(Especially appreciative of "Note #2" - Fuck  Them indeed)

    The dire straits facing America are not because poor people have too much money

    by Anthony Page aka SecondComing on Thu Nov 29, 2012 at 07:48:27 AM PST

  •  Agreed Wall St. will be fine. (3+ / 0-)
    Recommended by:
    taonow, wilderness voice, PhilJD

    If we go over the cliff and there's problems - they can be fixed.  If everything is given away in a deal - there's no fixin that.

  •  Good diary except for 1 thing on deficits (0+ / 0-)
    Is the deficit important?

    Yes, because if deficits really did not matter, then why do we bother collecting any taxes at all.

    No the deficit is not important and taxes do not finance spending. Taxes regulate demand pull inflation by destroying the money supply that is created. Taxes also give the currency value through taxation and taxes are also a tool for combating income inequality. We create our currency and mark it up like a bank account at a central bank as even Ben Bernanke admits so therefore taxes are not needed to fund spending.

    Inflation is our constraint as far as spending, not the deficit. If everyone has a job and we keep spending that will drive prices up and there is your constraint.

    I don't negotiate grand bargains with deficit terrorists!

    by priceman on Thu Nov 29, 2012 at 04:08:33 PM PST

    •  I should say paying down deficit is not important (0+ / 0-)

      deficits put money into the private sector so they are very important though we need better progressive taxation, unions, and others things to regulate the fairness of that money.

      I don't negotiate grand bargains with deficit terrorists!

      by priceman on Thu Nov 29, 2012 at 04:10:41 PM PST

      [ Parent ]

    •  Zimbabwe (0+ / 0-)

      I believe Zimbabwe and some others beg to differ. They had inflation without much demand. Japan has been deficit spending at increasingly insane levels desperately trying to create inflation .. and just falling father and farther out of any rational fiscal situation.

      The US has another issue. As it issues the main reserve currency, and because the US has run trade deficits for a long time, a lot of the purchasing power of the currency printed is held back, outside of the US. As a result the US may not feel the inflation constraint until it is too late, and then may not be able to control it once it gets out of hand.

      Essentially financial crisis build very slowly but then tend to happen all at once. It is preferable to avoid the buildup if one can. Waiting for inflation, or the markets, to impose a constraint is rather dangerous.

      There's room at the top they're telling you still But first you must learn how to smile as you kill If you want to be like the folks on the hill

      by taonow on Thu Nov 29, 2012 at 06:53:31 PM PST

      [ Parent ]

      •  Those are two pernicious myths (0+ / 0-)

        1. Zimbabwe for hyperventilators 101

        Basically the land reforms dropped production so there were too few dollars chasing too few goods which is known as demand pull inflation which is also what happened in he Wiemar Republic and none of that has any realistic potential of happening here so my thesis is correct and yours is not.

        2. The Myth That Japan Is Broke by Ellen Brown

        Japan’s debt-to-GDP ratio is nearly 230%, the worst of any major country in the world.  Yet Japan remains the world’s largest creditor country, with net foreign assets of $3.19 trillion.  In 2010, its GDP per capita was more than that of France, Germany, the U.K. and Italy.  And while China’s economy is now larger than Japan’s because of its burgeoning population (1.3 billion versus 128 million), China’s $5,414 GDP per capita is only 12 percent of Japan’s $45,920.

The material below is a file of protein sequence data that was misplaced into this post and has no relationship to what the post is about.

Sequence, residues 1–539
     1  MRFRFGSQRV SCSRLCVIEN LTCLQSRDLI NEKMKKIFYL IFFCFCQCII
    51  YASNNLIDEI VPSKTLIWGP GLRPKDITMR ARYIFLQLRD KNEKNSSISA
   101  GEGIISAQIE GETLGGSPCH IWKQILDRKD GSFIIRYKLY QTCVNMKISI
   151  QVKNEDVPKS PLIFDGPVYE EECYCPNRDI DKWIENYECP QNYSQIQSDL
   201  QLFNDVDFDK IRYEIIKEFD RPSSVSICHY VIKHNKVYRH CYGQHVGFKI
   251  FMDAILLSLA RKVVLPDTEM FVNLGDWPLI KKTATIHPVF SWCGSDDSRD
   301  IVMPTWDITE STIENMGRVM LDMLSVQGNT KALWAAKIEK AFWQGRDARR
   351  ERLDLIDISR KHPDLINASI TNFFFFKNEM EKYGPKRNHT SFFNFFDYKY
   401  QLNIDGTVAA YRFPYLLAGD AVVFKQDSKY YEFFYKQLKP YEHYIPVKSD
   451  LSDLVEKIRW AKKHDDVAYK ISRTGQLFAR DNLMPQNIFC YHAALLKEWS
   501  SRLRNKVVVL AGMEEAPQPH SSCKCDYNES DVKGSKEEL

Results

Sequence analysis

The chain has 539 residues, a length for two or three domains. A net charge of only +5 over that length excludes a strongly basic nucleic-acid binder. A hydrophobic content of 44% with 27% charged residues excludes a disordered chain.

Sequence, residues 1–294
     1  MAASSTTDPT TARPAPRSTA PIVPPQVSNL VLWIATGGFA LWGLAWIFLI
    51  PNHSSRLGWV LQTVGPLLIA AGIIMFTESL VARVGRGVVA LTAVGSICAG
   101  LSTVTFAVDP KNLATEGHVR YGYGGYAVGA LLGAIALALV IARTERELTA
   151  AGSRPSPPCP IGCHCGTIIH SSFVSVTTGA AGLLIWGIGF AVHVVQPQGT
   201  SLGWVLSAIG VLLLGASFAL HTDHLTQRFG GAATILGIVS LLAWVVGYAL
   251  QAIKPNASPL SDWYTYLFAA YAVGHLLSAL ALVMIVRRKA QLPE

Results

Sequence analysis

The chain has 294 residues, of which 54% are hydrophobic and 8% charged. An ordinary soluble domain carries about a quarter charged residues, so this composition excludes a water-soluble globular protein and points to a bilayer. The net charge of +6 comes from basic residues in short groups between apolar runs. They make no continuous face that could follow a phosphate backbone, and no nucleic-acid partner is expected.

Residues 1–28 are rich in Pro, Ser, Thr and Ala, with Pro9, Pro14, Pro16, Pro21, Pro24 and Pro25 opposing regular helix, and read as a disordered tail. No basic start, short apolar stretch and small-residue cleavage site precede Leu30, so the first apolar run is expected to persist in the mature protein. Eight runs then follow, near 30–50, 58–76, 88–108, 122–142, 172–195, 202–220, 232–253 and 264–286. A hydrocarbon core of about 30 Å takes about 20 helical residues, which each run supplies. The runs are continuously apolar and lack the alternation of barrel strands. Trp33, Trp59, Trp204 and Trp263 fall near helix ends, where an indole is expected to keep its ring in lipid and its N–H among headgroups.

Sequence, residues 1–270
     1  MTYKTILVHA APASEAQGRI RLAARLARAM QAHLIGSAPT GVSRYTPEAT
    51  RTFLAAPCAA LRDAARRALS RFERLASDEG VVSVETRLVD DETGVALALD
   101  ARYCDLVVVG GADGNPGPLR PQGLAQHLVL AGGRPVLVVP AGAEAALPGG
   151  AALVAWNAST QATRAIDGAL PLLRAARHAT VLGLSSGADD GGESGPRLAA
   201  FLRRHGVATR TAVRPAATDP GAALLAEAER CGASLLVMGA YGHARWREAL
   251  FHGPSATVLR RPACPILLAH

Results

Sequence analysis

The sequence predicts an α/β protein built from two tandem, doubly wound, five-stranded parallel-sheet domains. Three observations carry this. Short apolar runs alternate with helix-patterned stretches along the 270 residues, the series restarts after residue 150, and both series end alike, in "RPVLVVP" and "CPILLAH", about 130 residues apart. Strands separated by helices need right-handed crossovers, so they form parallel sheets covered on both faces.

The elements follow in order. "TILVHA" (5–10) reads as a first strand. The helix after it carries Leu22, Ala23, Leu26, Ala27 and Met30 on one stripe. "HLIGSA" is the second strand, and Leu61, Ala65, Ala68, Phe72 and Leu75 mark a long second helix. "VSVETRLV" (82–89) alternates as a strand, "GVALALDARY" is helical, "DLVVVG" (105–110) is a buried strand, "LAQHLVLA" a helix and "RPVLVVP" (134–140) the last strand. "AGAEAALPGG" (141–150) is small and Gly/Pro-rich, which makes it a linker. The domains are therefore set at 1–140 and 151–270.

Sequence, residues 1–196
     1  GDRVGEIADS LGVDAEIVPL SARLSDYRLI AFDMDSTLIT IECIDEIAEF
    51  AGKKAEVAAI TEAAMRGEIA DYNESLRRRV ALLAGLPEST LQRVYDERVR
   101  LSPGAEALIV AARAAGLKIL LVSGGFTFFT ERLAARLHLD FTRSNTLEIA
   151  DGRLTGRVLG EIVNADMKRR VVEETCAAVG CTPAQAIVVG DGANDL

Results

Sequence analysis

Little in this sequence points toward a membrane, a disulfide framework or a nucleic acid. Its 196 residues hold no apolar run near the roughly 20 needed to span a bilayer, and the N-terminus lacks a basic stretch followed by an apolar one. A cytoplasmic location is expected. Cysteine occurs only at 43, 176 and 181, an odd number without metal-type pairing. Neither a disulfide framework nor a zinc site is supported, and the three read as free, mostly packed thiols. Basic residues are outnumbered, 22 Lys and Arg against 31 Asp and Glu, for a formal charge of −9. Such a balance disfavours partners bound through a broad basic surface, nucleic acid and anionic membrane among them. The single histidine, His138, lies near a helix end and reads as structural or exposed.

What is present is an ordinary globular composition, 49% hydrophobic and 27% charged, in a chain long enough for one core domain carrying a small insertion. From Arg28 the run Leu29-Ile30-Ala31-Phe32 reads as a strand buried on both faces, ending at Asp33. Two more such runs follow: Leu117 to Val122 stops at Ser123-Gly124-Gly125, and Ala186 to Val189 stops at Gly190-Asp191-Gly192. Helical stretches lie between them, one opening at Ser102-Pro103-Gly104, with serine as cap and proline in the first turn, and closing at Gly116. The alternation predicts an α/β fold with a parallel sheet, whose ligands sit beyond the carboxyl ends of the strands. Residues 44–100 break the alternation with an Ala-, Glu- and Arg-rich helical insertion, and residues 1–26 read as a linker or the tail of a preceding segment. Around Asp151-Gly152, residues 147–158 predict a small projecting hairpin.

How to explain these anomalies? Fully 95 percent of Japan’s national debt is held domestically by the Japanese themselves.
        Japan is doing a lot better than advertised by the mainstream media.

        3. The issue with the trade deficit is not evidence that we need to cut back deficits or deficit spending. In fact it's because of our trade deficit that we must run deficits because of sectoral balances between the public and private sector for every deficit in the public sector there is an equal surplus in the private sector. The trade deficit is part of our current account and balance of payments. This is also not accurate historical as the trade deficit remained constant during the brutal but somewhat effective(along with the Soviet Union dumping a glut of energy onto the market when it collapsed) anti-inflation with double digit interest rates in the 80s as inflation dropped.

        The exchange rate falling causes manufactured goods to be cheaper as it is doing right now in China which helps export led growth and the balance of trade on that end but there is no real correlation between a trade surplus or deficit and hyperinflation which is a continual rise from month to month of the price level. The evidence is just no there. There is only an inflation constraint once unemployment is less than 2% and we keep spending past the goods that money chases.

        There are two types of inflation cost push inflation which caused the inflation of the 70s(2 oil shocks) along with the collapse of Bretton Woods supply and demand pull inflation which I already explained. So not to brow beat you, because your diary is still quite good, but on this you are mistaken.

        4. You need real regulation in the finance sector and crisis are built by fraud and an expansion of credit with no underwriting standards to supplement income the public has not had equal footing with since 1979 when the great Compression ended. Bleeding the public of income(deficits) is not going to help.

        But good diary besides my disagreements.

        I don't negotiate grand bargains with deficit terrorists!

        by priceman on Thu Nov 29, 2012 at 08:40:55 PM PST

        [ Parent ]